Substance-addicted Hollywood actress Suzanne Vale is on the skids. After a spell at a detox centre her film company insists as a condition of continuing to employ her that she live with her... See full summary »
The story of Karen Silkwood, a metallurgy worker at a plutonium processing plant who was purposefully contaminated, psychologically tortured and possibly murdered to prevent her from exposing blatant worker safety violations at the plant.
Substance-addicted Hollywood actress Suzanne Vale is on the skids. After a spell at a detox centre her film company insists as a condition of continuing to employ her that she live with her mother Doris Mann, herself once a star and now a champion drinker. Such a set-up is bad news for Suzanne who has struggled for years to get out of her mother's shadow, and who finds her mother still treats her like a child. Despite these problems - and further ones to do with the men in in her life - Suzanne can begin to see the funny side of her situation, and it also starts to occur to her that not only do daughters have mothers, mothers do too. Written by
Jeremy Perkins <firstname.lastname@example.org>
The framed poster in Doris' house of Doris and a young Suzanne on the cover of LIFE magazine is a real cover shot of Shirley MacLaine and her daughter, Sachiko. See more »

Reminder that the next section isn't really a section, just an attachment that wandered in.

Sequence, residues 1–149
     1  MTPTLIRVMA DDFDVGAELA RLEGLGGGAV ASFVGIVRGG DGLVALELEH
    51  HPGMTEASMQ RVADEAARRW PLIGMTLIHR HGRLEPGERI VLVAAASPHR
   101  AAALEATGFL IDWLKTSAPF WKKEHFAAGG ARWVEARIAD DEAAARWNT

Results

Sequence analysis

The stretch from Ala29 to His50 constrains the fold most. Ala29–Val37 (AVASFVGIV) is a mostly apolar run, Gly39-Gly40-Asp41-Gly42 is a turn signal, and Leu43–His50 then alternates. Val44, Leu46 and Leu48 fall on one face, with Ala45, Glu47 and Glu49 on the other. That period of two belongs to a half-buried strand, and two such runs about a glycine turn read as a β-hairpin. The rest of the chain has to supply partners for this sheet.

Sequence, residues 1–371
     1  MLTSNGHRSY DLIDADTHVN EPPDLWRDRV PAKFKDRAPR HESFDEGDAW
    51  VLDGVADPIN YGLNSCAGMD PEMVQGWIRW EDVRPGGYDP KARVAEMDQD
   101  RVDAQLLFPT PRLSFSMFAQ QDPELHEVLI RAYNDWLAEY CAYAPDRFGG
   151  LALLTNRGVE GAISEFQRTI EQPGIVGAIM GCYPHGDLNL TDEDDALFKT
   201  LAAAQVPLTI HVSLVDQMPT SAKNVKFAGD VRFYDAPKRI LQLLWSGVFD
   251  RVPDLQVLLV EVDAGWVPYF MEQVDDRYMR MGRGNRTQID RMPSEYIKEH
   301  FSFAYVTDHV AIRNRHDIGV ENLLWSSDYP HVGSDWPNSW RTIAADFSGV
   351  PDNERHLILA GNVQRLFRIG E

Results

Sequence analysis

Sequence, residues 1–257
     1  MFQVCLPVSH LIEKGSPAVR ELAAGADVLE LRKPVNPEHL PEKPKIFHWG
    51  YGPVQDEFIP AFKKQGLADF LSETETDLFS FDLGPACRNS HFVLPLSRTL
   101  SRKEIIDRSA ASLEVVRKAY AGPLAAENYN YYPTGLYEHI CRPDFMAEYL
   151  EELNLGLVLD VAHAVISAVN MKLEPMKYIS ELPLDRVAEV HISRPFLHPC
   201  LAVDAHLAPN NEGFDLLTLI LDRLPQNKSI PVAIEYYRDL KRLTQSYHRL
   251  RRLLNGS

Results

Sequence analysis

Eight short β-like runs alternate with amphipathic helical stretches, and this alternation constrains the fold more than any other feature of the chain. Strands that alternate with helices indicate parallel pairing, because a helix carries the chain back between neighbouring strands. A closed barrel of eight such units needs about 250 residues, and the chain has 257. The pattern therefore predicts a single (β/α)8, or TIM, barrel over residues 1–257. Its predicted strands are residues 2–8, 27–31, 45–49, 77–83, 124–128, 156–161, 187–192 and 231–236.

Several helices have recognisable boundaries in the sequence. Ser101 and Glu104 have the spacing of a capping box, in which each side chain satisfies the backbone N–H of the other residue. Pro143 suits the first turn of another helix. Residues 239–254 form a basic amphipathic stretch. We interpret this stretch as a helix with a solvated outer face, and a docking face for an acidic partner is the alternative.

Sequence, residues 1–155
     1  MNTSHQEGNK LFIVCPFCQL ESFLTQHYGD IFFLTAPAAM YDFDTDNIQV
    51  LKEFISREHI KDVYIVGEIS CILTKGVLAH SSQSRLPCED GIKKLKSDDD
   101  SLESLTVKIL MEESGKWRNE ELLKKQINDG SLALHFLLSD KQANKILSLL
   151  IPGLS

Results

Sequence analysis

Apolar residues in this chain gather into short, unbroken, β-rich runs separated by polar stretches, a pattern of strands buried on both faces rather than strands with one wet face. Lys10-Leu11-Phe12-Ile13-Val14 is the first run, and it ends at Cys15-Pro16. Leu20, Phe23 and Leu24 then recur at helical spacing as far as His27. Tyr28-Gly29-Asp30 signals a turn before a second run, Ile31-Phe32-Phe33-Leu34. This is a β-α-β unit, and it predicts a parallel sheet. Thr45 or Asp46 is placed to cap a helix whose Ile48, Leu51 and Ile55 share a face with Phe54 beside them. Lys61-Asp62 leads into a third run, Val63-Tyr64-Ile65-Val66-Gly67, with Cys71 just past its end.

Lowell tells Suzanne that none of the airport scene can be saved because it was shot without any cutaways. However, the scene is obviously edited as the characters jump about 3 feet farther from the camera as they walk from past a pole between the ticket counter and the passport control desk. See more »
You know, you're not going to get a lot of sympathy. Do you know how many people would give their right arm to live your life?
But that's the problem. I can't feel my life. I look around me and I know so much of it is good. But it's like this stuff with my mother. I know that she does these things because she loves me... but I just can't believe it.
Maybe she'll stop mothering you when you stop needing mothering.
You don't know my mother.
I don't know your mother, but I'll tell you something. ...
[...] See more »
Meryl Streep is just about the best actress around and this, I think, is one of my favourite performances by her. (so far). Why? Because she is not playing her usual self -- she is a total nut case in this film --- neurotic and downright hilarious. Much like 2002's "Adaption" she is playing against her normal dramatic type and is a wonderful comedienne -- a role she should play more often --- actresses usually playing actresses usually are not memorable --- this is a "keeper" role --- and what a voice. (had she not been an actress, she could give most singers these days a run for their money!) Do rent it and laugh --- it is worth the trip to the video store!
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